Reduce the distribution of fake news and inauthentic content, like clickbait
Inform people by giving them more context on the posts they see
Fact-checking is a key part of our strategy to ensure that what you see on Facebook is accurate and from a trustworthy source. To help us prevent the spread of fake news, we're partnering with more specialist third-party fact-checking organisations globally, each one approved by the International Fact-Checking Network.
These organisations work around the clock to help us identify misleading content. When they flag something as being false, we rank the story significantly lower in News Feed. On average, this reduces future views of the offending content by more than 80%. We're also using the information provided by these fact-checkers to improve our technology so we can identify potential fake news articles even faster in the future.
This video gives a candid insight into the work we're doing to fight the spread of fake news, including fact-checking.
Simply put, fake accounts violate our policies, so, once we spot one, we delete it. If we find a Facebook Page that violates our requirement that people use their real identities and not impersonate others, we’ll take it down immediately, eliminating all of their misleading content. We're hiring more reviewers and developing new AI tools all the time so that we can detect and deactivate fake accounts quicker than ever before. Recently, we've learnt more about how networks of bad actors work together to spread misinformation, so we've introduced a new policy explicitly to tackle such coordinated deceptive activity.
We block millions of fake accounts every day at the point when they try to register. If you spot a profile that you think doesn't represent a real person, you can report their profile, and we'll investigate.
We use 1000s of signals to help us work out which articles are likely to be clickbait, spam or fake news. Anything we determine as being disreputable, we de-rank. Simply put, this means they appear much lower down in your News Feed and you are far less likely to see them. We use machine learning to continually hone our algorithms to help us spot fake news, seek it out and reduce your chance of seeing it. This means the things at the top of your News Feed are more likely to be reputable, trustworthy and things you want to see.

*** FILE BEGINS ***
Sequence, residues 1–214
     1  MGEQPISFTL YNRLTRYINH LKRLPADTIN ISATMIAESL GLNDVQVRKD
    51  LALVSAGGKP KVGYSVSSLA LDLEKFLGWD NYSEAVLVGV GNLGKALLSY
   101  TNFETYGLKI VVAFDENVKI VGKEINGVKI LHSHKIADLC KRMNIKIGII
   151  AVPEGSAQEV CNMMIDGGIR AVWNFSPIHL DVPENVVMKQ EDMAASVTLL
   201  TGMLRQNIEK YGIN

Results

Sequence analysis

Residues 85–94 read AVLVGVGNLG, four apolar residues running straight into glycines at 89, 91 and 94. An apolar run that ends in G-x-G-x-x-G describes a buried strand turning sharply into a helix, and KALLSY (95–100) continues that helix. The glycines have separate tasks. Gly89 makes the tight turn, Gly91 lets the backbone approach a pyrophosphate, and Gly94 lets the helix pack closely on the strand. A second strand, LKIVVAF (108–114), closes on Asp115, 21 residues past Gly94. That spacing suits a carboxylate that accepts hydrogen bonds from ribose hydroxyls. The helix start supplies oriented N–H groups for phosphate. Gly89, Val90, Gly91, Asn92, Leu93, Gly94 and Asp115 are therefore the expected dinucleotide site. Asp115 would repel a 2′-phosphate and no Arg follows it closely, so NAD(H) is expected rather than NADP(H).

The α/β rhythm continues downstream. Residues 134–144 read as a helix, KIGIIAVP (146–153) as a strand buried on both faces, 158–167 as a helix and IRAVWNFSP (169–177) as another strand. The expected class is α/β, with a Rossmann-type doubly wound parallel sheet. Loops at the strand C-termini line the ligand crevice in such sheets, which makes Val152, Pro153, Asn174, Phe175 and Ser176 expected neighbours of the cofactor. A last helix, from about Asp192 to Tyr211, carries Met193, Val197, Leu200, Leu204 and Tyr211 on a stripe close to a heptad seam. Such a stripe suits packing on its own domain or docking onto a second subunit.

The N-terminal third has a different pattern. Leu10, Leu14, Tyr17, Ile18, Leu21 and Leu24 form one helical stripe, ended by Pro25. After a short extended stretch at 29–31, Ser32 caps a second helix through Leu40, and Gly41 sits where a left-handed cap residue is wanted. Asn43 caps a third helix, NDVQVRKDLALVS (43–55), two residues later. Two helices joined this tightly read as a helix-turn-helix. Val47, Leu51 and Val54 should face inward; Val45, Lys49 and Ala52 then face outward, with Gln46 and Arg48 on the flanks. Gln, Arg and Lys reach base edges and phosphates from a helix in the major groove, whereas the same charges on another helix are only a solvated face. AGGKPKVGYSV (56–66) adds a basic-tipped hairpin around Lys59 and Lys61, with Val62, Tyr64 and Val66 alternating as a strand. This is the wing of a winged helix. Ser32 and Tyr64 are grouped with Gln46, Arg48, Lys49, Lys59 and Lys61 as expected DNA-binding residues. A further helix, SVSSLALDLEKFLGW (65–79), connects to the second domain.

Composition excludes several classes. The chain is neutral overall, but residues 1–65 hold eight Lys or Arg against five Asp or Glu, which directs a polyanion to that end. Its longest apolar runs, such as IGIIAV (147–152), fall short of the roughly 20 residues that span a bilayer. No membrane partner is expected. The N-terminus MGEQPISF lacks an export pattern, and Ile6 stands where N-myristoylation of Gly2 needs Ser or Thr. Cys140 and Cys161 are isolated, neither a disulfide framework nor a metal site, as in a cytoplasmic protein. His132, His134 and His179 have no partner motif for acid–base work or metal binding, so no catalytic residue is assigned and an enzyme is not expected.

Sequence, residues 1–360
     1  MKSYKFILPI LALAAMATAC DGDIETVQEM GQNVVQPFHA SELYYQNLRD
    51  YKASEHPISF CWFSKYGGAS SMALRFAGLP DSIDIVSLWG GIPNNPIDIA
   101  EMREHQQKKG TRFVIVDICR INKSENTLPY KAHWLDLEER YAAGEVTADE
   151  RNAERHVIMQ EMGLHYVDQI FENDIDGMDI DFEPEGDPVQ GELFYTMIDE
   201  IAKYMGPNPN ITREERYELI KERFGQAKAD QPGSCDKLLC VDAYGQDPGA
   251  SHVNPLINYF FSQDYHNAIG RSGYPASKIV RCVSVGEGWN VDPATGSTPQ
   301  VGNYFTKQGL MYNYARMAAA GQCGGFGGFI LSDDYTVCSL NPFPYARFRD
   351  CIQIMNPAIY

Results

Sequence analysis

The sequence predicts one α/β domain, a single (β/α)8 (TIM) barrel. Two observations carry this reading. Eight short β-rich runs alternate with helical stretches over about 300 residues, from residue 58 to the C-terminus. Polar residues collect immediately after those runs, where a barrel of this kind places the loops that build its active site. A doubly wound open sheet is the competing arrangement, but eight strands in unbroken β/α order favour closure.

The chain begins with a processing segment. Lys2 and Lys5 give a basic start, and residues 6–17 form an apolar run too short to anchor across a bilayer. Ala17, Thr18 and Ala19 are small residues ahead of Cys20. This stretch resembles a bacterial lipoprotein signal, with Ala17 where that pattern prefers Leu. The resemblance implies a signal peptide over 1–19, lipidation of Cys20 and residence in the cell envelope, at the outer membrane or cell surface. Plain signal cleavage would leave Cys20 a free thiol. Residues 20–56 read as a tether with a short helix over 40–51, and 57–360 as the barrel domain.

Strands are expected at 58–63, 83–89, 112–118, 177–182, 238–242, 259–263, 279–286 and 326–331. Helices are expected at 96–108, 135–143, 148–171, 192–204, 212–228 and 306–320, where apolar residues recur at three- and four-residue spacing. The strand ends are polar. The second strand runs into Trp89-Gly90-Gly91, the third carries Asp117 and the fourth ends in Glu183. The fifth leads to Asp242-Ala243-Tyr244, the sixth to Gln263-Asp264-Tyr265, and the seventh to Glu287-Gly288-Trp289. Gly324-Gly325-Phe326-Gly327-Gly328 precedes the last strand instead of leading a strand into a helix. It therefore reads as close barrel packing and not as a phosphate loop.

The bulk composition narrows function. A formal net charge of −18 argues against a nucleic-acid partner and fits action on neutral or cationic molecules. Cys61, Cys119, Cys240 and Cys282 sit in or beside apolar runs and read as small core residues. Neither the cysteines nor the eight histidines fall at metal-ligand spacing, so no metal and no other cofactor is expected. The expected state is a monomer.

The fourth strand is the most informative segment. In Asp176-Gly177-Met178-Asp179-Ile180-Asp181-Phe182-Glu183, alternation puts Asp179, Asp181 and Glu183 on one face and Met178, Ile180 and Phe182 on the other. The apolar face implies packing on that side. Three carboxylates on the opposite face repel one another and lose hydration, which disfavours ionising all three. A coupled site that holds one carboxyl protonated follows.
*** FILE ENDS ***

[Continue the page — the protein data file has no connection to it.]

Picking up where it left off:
Check out this video for a simple explanation of how our News Feed ranking system works and how it helps you see the things on Facebook that matter to you most.
We want to help you make informed decisions about what you read, trust, and share, so we're giving you background information about the content in your News Feed. You'll be noticing that articles are starting to come with a context button that gives you more details about the publisher.
We've also started to roll out a feature globally called Related Articles, which displays other sources discussing the same topic as any given article in your News Feed. These Related Articles have all been verified by our third-party fact-checkers and allow you to read around a subject and decide for yourself what to believe. If a fact-checker rates a story as false and you try to share it, you'll be presented with other articles reporting on the same subject.
And that's not all. We're also looking at the bigger picture. We've created an educational tool to give people tips to identify fake news and also provided a grant for the News Integrity Initiative to invest in long-term strategies for news literacy.
A lot of the misinformation on Facebook is financially motivated. Publishers of fake news are often hoping that people will click on their stories and visit their sites, so they can make money from the ads they show there. We're doing everything within our power to make this practice unprofitable. We're penalising fake news, clickbait, links that are shared by spammers and links to low-quality websites (also known as “ad farms”).
Publishers who are known to frequently share false information are also forbidden from running ads or using our other monetisation features, such as Instant Articles. By making fake news unprofitable, we're taking away the incentives to publish it and to spread it. The idea is: if peddlers of fake news aren't making money from it, they'll stop posting it in the first place.